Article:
I thought, by the way, you asked for a great deal. That’s why I didn’t think you had really looked at my records. That’s a bit more than I’ve ever given in the past.
You assumed too much. As you were talking, I gathered that you believed I knew all about the program. Actually, I knew nothing. You would have found that out if you had probed a little bit.
Energy and passion. I am afraid I live too much in the past. I apologize. But as I told you, when I went to grade school, they taught us to sit up straight. Not rigid. Relaxed. But straight.
I’m certain I put you in the wrong chair. That old chair in the living room does have a way of engulfing a person. You could have asked for a different chair. I would have understood. Or you could have asked if you could bring in a chair from the dining room.
The other thing, and I don’t know how to describe it better for you, is that you actually didn’t seem very excited or enthusiastic about the program. It seemed to feel, somehow, that you were carrying out a responsibility of making the call. Here I go again, but I must tell you that Jane was always so passionate about those things she talked to me about. And somehow, that rubbed off on me.
I meant to mention this earlier. Soon after you arrived, you pulled out that big folder. I hate to have you spending money on that fancy printing but I do understand that’s something the organization feels it must do. But it has a negative effect on me. Some of my friends tell me the same thing.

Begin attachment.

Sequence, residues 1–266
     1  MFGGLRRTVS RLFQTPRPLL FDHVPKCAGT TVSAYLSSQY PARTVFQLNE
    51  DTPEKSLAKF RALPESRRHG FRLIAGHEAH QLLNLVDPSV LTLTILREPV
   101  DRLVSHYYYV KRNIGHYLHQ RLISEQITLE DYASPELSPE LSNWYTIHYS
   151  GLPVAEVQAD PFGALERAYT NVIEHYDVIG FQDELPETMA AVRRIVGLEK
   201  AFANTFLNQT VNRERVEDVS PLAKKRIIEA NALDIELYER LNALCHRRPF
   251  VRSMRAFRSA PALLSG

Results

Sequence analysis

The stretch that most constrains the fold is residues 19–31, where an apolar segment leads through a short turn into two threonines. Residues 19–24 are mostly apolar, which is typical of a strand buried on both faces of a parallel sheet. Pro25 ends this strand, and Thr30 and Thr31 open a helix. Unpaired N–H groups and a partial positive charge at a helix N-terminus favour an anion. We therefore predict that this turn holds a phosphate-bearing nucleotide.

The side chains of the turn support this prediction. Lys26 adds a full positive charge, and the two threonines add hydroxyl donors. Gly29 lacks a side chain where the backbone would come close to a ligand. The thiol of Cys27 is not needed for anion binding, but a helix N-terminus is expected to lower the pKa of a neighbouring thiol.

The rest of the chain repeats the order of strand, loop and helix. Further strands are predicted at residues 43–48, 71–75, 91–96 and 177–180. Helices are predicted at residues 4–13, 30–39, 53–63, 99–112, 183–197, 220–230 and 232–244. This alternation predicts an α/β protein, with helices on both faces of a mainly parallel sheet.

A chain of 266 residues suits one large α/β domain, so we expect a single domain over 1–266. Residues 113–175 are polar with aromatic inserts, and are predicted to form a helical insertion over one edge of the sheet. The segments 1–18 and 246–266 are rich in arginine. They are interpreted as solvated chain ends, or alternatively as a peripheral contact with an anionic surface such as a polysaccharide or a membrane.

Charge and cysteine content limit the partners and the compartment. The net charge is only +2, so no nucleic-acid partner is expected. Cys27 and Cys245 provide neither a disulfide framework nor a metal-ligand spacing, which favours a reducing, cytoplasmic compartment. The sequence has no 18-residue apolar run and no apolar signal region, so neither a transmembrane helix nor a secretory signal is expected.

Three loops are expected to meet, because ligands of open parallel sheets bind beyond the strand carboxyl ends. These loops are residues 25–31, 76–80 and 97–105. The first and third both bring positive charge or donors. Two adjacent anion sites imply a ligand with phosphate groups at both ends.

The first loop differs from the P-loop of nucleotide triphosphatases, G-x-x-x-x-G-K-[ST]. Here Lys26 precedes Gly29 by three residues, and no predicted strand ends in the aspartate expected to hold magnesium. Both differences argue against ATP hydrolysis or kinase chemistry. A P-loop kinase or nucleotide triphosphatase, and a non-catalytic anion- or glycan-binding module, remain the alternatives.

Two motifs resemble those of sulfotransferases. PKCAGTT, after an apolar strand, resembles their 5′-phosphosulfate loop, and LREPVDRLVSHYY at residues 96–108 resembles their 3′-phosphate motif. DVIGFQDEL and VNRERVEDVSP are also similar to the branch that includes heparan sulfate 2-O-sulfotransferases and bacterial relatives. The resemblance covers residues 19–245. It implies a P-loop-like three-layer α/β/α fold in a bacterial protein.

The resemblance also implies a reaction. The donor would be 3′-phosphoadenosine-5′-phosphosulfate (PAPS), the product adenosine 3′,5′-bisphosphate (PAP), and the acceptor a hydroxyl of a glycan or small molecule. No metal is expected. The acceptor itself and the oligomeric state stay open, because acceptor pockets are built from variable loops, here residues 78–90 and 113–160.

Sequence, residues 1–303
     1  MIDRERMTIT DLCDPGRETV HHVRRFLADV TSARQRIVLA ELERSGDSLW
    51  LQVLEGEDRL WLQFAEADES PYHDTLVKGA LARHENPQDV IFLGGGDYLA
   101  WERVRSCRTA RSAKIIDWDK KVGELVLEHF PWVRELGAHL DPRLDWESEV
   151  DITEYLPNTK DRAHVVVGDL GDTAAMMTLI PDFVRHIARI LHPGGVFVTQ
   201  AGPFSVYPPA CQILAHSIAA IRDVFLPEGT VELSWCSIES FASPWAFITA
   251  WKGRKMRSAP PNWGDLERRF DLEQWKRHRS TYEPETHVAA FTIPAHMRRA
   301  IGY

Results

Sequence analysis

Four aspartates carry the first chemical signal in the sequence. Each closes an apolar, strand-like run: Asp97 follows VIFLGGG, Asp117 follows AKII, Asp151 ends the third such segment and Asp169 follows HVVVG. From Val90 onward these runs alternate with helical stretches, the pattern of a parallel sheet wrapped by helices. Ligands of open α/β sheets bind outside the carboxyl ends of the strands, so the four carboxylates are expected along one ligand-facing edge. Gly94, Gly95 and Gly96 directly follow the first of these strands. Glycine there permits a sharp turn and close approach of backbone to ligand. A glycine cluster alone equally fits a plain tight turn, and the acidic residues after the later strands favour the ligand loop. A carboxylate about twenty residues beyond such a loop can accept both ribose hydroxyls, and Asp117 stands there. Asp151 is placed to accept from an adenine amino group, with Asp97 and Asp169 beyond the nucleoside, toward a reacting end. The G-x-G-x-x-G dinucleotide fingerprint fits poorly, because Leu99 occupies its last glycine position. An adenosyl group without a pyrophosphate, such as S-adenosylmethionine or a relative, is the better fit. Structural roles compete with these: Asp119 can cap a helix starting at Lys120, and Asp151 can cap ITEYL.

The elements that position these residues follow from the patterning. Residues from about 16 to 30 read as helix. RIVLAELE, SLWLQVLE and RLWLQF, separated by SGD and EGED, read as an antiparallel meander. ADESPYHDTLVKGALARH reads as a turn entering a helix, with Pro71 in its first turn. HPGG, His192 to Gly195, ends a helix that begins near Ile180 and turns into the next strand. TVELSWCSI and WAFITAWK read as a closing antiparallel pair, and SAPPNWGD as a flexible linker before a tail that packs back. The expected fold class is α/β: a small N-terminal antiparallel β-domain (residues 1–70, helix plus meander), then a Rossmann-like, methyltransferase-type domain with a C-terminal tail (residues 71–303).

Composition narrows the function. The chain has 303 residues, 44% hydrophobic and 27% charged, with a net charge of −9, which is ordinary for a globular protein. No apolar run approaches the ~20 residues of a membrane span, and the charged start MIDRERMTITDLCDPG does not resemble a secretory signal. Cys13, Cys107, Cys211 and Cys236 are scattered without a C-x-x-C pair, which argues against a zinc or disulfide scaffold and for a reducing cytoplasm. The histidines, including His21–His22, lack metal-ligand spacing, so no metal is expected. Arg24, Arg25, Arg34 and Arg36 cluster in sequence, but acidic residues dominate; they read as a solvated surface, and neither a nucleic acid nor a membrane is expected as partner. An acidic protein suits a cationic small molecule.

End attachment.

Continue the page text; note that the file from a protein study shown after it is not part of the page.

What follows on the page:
But what bothered me during our meeting was that you referred to the folder often. And once, you actually read a whole page to me. Then you went over the drawings of the different floors. I confess to you, Sam, I never did understand those drawings. They have no meaning to me.
I hope you accept all of this in the spirit in which it is given. I love the organization and I want you to succeed, Sam. You are a nice young man and I’m certain we’ll do much better the next time you come by.
Abigail Van Kirk
Books by Jerold Panas (click on the cover for more information)
Back to PANASCOPE Index